Student Identification and Projection Methodology
Students who are already on the Advanced or Accelerated Pathway will remain on that pathway unless it has been determined through ongoing communication between the teacher and the parent that advanced or accelerated math is no longer the most appropriate fit for the student.
Our identification process primarily identifies outgoing 3rd grade students for the advanced class and identifies outgoing 5th grade students for the Double Accelerated. Any students who profile for the advanced and accelerated math classes but had not qualified year before are identified as well.
A projection methodology is a more sophisticated measure taken to identify a student's fit for the advanced math courses. The process links incoming students' past achievement, rated work habits, and cognitive ability measures with known performance levels of students already in our advanced math courses. In other words, this method quantifies the likelihood/probability of incoming students attaining achievement levels demonstrated by students sitting in those advanced math classes.
The projection methodology utilizes the same components that were previously in the D34 Math Identification Matrix. The projection process will utilize more historical data and more robust analyses to establish a probability score for identifying students who are on a trajectory to be successful in the advanced (or accelerated) placements.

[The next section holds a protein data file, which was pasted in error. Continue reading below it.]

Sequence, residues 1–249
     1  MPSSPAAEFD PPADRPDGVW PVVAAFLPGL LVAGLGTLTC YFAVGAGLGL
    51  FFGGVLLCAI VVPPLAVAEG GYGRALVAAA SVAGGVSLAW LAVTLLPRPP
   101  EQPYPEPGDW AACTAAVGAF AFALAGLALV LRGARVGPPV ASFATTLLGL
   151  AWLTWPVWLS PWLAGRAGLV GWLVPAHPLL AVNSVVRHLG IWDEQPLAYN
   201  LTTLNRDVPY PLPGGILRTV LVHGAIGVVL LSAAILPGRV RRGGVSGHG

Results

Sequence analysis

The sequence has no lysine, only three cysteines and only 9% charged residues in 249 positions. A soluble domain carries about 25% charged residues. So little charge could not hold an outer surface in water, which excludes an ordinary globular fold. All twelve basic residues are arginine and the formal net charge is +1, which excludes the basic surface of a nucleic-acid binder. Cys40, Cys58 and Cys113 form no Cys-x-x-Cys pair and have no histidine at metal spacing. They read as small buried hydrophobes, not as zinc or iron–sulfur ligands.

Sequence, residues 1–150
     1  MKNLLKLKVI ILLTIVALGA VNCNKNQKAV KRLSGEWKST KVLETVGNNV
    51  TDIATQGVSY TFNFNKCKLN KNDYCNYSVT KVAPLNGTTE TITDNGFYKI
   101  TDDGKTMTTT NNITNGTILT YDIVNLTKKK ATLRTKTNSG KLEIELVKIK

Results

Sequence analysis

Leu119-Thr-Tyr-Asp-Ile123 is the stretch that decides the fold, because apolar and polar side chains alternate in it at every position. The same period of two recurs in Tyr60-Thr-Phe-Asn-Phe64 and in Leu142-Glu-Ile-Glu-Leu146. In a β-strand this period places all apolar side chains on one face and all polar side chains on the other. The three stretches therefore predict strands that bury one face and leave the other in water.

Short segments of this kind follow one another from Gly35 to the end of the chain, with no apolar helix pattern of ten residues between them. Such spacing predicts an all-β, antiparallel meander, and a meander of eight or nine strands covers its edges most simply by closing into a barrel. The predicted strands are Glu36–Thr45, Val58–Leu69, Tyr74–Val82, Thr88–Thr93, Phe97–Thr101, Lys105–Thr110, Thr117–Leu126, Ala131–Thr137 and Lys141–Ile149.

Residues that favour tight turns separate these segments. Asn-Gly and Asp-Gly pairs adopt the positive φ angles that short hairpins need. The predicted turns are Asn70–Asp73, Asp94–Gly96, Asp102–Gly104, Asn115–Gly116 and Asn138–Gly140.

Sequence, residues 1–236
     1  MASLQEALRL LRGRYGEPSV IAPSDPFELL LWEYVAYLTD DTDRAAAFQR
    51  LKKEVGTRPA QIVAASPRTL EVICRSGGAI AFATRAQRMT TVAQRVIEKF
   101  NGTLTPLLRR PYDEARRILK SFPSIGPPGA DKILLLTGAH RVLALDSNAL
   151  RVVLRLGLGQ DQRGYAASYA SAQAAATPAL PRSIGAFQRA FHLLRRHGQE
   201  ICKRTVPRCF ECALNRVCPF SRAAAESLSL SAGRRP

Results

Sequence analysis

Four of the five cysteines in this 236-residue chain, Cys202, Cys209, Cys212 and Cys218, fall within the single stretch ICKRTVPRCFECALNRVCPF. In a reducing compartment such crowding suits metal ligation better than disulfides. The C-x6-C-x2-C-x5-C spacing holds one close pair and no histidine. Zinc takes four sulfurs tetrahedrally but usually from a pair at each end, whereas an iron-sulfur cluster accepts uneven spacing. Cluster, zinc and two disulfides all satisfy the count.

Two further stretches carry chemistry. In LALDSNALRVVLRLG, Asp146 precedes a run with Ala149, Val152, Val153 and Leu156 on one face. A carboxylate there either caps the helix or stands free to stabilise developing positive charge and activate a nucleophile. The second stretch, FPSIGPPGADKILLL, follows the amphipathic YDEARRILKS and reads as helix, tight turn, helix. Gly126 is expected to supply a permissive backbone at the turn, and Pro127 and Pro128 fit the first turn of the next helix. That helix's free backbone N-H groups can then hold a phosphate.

Just as a pediatrician can project the height that a child should reach by adulthood, we can use a projection methodology to determine likelihood of student success in advanced math courses.* With known heights (i.e., current achievement levels) and known rates of growth, a doctor can project a child's height in the future (ie., math performance in the future).
Rather than looking for cut-off scores on a matrix, our projection method factors in all of the data we have on each student and relates it to the same data from students already in the advanced math courses. A probability of success will be returned for each student. We know a student who returns a 65% likelihood to succeed will be more academically ready for advanced math than a student who returns a 25% probability of success. For placement in the advanced and accelerated courses, we will be looking for at least a 50% probability of success.
The reason there is a probability score rather than cut-off scores for identifying students is because there is an untold number of combinations of scores that could generate the probability of success. The returned probability is dependent on how the factors relate to the targeted math performance in question.
There are many benefits to this method. Omitting the use of cut-off scores allows for counterbalancing. Strengths in one area can overcome limitations in another area.
* For more details on the math behind this method, please email Jenny Bergeron (email@example.com)